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Reaction to McCain's Lack of Eye Contact During Debate

I commented on John McCain's lack of eye contact in my first follow-up debate post, and I'm now seeing a lot of interest and concern in the blogosphere expressing the same sentiment, questioning what sort of psychological or character flaws have been revealed by McCain's strange debate behavior.

Additional commentary picked up from a cross-section of the web:

- Delysia's Space: First, I believe that McCain feels contempt for Sen. Obama and resents the fact that this young Black man is actually a threat to what McCain feels he is entitled to as a White Man, a former POW and a long-time member of Congress. He knows, now, that he cannot afford to underestimate Sen. Obama's intelligence, judgment, knowledge and support, and therefore thinks of Obama as he would an enemy of war. Secondly, McCain also found it difficult to look into Sen. Obama's eyes during the debate because of the lies he has told in the past, and the lies he knew he'd continue to tell during the debate. Like anyone else lying brings about certain unconscious responses in us; either the eyes will blink continually, they'll become enlarged (widen) or they'll escape any direct gaze into the eyes of the subject of the lies and/or the eyes of those being lied to.

-The Monkey Cage: Ethologists have discovered that in the animal world, eye contact is a sign of dominance and the avoidance thereof is a sign of submission. That's why, if you meet a bear in the woods and you don't have Sarah Palin along to blow him away, you're supposed to avoid eye contact with said bear; otherwise he is likely to perceive you as a threat, and that just cannot be a good thing.

Anyway, look at reader TB's comment: "I study monkey behavior -- low ranking monkeys don't look at high ranking monkeys. In a physical, instinctive sense, Obama owned McCain tonight ..." Ethologists like TB have indeed compiled a great deal of evidence about the hierarchical meaning and implications of eye contact. Their findings can't simply be extrapolated to human behavior. But we humans are, after all, animals, so this isn't as far-fetched as it may initially seem.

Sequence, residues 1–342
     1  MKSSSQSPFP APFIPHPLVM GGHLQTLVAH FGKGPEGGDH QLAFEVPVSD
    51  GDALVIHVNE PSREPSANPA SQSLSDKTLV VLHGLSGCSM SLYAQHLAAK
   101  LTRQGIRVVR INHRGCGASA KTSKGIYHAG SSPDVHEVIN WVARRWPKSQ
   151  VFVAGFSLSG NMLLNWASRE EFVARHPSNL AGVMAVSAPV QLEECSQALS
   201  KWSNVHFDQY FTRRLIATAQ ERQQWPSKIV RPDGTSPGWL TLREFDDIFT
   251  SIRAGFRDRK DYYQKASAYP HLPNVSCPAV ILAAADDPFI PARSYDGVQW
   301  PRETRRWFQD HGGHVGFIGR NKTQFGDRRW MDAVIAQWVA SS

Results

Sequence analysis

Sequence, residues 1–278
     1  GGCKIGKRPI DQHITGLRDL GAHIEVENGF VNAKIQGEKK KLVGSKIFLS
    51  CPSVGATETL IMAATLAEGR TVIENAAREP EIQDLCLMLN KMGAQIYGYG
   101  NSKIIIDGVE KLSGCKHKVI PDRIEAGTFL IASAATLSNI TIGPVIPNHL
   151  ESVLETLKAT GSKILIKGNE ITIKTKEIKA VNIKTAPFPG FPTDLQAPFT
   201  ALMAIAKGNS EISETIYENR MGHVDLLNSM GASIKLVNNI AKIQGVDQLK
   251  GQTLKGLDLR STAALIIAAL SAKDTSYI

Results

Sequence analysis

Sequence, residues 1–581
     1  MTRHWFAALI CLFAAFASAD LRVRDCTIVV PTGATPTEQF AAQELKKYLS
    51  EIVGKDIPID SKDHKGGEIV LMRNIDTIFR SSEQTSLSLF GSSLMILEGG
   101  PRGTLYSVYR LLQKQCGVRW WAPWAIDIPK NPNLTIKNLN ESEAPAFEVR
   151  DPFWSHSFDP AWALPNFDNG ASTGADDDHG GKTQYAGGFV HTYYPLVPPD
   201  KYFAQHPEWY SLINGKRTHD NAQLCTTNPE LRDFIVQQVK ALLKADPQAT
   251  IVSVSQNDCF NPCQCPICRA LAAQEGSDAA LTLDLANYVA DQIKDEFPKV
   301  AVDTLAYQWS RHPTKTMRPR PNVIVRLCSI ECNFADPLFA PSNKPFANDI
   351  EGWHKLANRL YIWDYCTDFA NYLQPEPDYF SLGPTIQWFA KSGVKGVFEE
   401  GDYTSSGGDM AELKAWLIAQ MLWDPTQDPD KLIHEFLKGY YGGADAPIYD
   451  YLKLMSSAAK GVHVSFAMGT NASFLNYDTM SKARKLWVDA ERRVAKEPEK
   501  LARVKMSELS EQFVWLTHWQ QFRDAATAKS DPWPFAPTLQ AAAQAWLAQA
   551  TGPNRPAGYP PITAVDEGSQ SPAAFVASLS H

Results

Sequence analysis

obama_mccain_deb1.jpg

- "Monkey Cage" Commenter Clyde Wilcox: An older gentleman explained to me that when he was growing up, he was taught not to look a black man in the eye because they were considered inferior, and were not shown that much respect.

- Julie (via email): I believe what will do McCain in in the minds of many young people and older adults is McCain's refusal to look at his opponent! It Says he's angry, unforgiving, not amicable, not able to work across party lines. And it is not where America wants to go, she does not want to stay angry and bitter. She wants to be positive and feel good, especially in these times of economic distress, with McCain, you just didn't get that!

- TPM commenter EO: As a psychotherapist and someone who treats people with anger management problems, we typically try to educate people that anger is often an emotion that masks other emotions. I think it's significant that McCain didn't make much, if any, eye contact because it suggests one of two things to me; he doesn't want to make eye contact because he is prone to losing control of his emotions if he deals directly with the other person, or, his anger masks fear and the eye contact may increase or substantiate the fear. I noticed him doing the same thing in the Republican primary debates. The perception observers are likely to have is that he is unwilling to acknowledge the opponent's legitimacy and/or is contemptuous of the opponent.

mccain-at-debate.jpg - James Fallows: Unless it happened when I glanced away, up until this moment, 77 minutes into the 90-minute debate, John McCain has not once looked at Obama -- while listening to him, while addressing him, while disagreeing with him, while finding moments of accord. This is distinctly strange -- if anyone else notices. Obama is acting as if this is a conversation; McCain, as if he cannot acknowledge the other party in the discussion.